Although the book explores a reasonably esoteric topic, the focus is practical, and takes a 'self-help' approach. Every word has is addressed directly at the reader, with instructions that are workable and guided towards action:
"Choose your productive obsession right now. Maybe you know exactly which one to select. Even if you’re positive, give your idea a once-over and make sure it meets your current meaning needs and intensions. Maybe you have several good candidates but aren’t sure which one to choose. Take your best guess, and commit to obsessing for a month. (24)"
The book is divided into 28 short chapters, each of which explores some aspect of the process of turning creative obsessions into productive obsessions – that lead to something concrete – a painting, a novel, a new business. A number of the chapters conclude with an anecdotal example of someone who has achieved something through obsession, while others conclude with affirmations or quotations. Throughout the book are examples from Maisel’s own practice, from his own experience, and from information gained through his productive obsession group. This includes one, two and three week reports which make clear some of the issues that have confronted his team as they struggled to work with obsession, and how they were dealt with. Some of the key demons that confront the productively obsessed are tackled, such as the sheer amount of work that’s required to see an obsession through fruition, emotional conflict, endurance, a lack of self-confidence, fear and risk. There are tips for dealing with each of these. For those who would follow the example set by Maisel and create their own productive obsession group, there are also tips for starting one up.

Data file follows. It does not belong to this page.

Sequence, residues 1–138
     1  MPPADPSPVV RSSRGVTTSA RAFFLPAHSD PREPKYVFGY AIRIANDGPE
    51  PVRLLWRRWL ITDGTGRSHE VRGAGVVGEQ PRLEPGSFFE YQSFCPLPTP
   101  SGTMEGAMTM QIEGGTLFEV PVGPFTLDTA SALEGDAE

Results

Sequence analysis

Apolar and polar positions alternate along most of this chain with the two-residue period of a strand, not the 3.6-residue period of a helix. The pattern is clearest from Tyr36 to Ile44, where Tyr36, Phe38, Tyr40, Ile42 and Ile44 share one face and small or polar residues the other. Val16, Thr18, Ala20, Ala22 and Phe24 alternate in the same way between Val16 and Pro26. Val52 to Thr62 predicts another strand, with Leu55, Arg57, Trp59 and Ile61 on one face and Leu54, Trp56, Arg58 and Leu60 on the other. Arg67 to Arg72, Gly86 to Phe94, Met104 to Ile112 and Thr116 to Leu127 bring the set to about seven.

Above all, this is a book that challenges the creative person to prioritise and obsess about those things that matter most – not to let the small scale distractions that form the basis of most of our lives stop us from achieving our true potential:
"You can halt a brainstorm with a feature. All you have to do is keep looking up or looking away. All you have to do is to take no real interest in your own ideas. All you have to do is secretly doubt that your efforts matter. All you have to do is get in the habit of calling yourself “easily distractible” and buy every available distraction. If you want to make absolutely sure that you will not be able to concentrate, all you have to do is not commit. That will guarantee that the slightest change in barometric pressure will distract you. (87)"